So a trio of ambient, indie singer-songwriters, an especially heavy post-punk band and a chill groove-rock outfit walk into a bar.
Yesterday, Hear Nebraska co-presented an interesting bill for a Maha Music Festival showcase at The Bourbon. In eclectic fashion, three local groups, who couldn’t have more different styles — blét, Bogusman and A Ferocious Jungle Cat — shared the stage, representing many of the far corners of the Lincoln music scene.
The Bourbon’s Rye Room was buzzing with lively conversation Wednesday night. Some were chatting about the sparse, unconventional set-up onstage. There wasn’t even a full drum kit. It looked like a band stopped halfway through tearing down.
As it turns out, blét just finished setting up, and rather than demand attention from their first downbeat, they gradually lured the audience in.
Their sound was ambient, but not tame. It was dynamic in an emotive sense, but in sheer volume, as well. Most of the set swelled with moderate intensity, but at times found itself teetering on the whitecaps of massive waves — with the bright clashing of cymbals, clap of beating drums and sweeping melodies played in unison. The thing was, you wouldn’t know how high that peak was until they were guiding you down to calm seas again.
Blét is a trio, but their work is of many parts. In performance, looping devices and pedals allow them to multiply themselves, trading musical tasks of holding the root, melody, both the primary and secondary accompaniments among the three of them. Joe Kozal’s guitar expanded upon itself, deepening chords that supplied a growing rich palette for Spencer McCoy’s picked circular lines. Both were tethered by Cole Keeton’s unwavering playing, holding the root, melodic source and bassline, seated behind his Roland.
It all fit together. It may be hyperbole to claim they didn’t play a wrong note, but blét’s set sounded clearly rehearsed to high detail. This is a band smack in the middle of recording their new LP this week. The music seemed to power itself, but didn’t spin faster and faster running into chaos.
Bogusman seemed to power themselves, spinning faster and faster, running into chaos.
They pushed and pushed, darting from manic punk drives to grungy heavy rock choruses and refrains, each quicker and wilder than the last. Midway through their set, Bogusman launched into a truncated 6/8 driver that lurched forward more aggressively with each passing moment. It was like Bogusman had no time to waste with convention, so they just devoured the last two beats in the most grizzly manner.
Andy Pederson in his green skinny jeans apparently played his thick-rimmed glasses off his face. His bass audibly growled, so much that it was difficult to tell where one note ended, and the other began; every note he played had so much meat on its bones. It was as if he, Nate Luginbill and Lee Lohrberg were playing with lead picks and drummer Jackson Trover’s kit was made of bricks.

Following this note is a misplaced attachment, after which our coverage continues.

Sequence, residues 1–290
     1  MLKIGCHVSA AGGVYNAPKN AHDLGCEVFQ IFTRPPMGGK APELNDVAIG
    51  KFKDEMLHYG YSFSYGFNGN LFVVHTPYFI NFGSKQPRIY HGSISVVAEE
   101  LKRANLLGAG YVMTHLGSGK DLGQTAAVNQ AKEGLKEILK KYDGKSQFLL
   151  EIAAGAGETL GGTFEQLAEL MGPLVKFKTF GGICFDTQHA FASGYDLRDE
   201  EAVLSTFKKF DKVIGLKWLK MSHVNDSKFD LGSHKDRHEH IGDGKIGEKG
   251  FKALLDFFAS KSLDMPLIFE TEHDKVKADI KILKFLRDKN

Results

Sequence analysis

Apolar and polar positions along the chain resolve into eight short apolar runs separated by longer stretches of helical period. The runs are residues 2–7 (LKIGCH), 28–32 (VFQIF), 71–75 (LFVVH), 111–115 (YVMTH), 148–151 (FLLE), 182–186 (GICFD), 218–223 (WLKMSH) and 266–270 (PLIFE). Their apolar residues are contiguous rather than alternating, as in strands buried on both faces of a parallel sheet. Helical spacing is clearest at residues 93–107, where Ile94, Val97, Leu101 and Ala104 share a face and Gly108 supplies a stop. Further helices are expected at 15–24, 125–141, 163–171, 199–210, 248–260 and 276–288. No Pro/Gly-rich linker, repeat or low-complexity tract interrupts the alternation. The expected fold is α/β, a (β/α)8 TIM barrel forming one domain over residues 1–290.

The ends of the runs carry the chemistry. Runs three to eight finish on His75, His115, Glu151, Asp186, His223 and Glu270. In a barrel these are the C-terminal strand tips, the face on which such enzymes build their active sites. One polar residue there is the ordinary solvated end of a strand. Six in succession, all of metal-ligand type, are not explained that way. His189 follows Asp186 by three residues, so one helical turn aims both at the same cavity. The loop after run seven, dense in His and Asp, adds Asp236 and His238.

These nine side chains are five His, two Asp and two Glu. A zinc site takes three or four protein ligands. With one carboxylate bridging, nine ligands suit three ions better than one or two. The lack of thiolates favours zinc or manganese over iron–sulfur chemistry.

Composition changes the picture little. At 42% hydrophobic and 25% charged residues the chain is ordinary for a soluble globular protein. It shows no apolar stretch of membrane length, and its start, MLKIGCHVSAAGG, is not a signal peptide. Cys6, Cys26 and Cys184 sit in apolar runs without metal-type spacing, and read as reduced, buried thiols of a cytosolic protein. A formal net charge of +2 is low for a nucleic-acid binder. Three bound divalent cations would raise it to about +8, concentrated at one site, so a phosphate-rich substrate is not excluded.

It was an arresting contrast, moving so quickly from blét’s tact, pensive touch to Bogusman’s broad, brash strokes. Where every last cog of blét’s tiny gears locked perfectly, with everything in its rightful place, Bogusman’s clunky and rusty mechanics skipped a few beats or three on its way to slingshotting itself into the void.
Bogusman married the most aggressive components of rock, flipping between tempos and meters on a whim: the power, energy and volume of classic metal, the unrelenting momentum of pure rock ‘n’ roll, the asymmetrical breaks and breakdowns of death metal and the schizophrenic structure of prog,
Remember that Rock Band video game trailer with an entire band riding the roof of a truck full speed on the edge of a canyon? Imagine what would happen if that truck just slammed the breaks.
Bogusman is that band.
They did slam the breaks, and bent sharp corners, and ripped down straightaways from zero to sixty in a blink. Whenever Bogusman would make a full stop amid a blazing run, you could feel them hanging on by their nails. You could hear the brakes squeal. (Or was that guitar feedback?)
Sound check for A Ferocious Jungle Cat gave the audience the opportunity to catch their breath and come down from the thirty-minute adrenaline rush. The band’s closing set was a welcome release.
Jungle Cat’s capping of the event made sense of the night’s strange bill. The band’s soft vibes harkened to blét’s low-paced, spacious set. But while there was melancholy and longing to the opening trio’s compositions, Jungle Cat was just as calming, but casual and leisurely at the same time.
Syrupy licks and grooves thickened the air of the sunken stage, turning back the clock to the lazy and humid midsummer afternoon a few hours before the showcase began.
Most of the crowd was familiar with Jungle Cat’s jams, welcoming opening licks with hollers and mouthing lyrics — a simple sweet chaser to Bogusman’s harsh bitters and blét’s complex opening cocktail.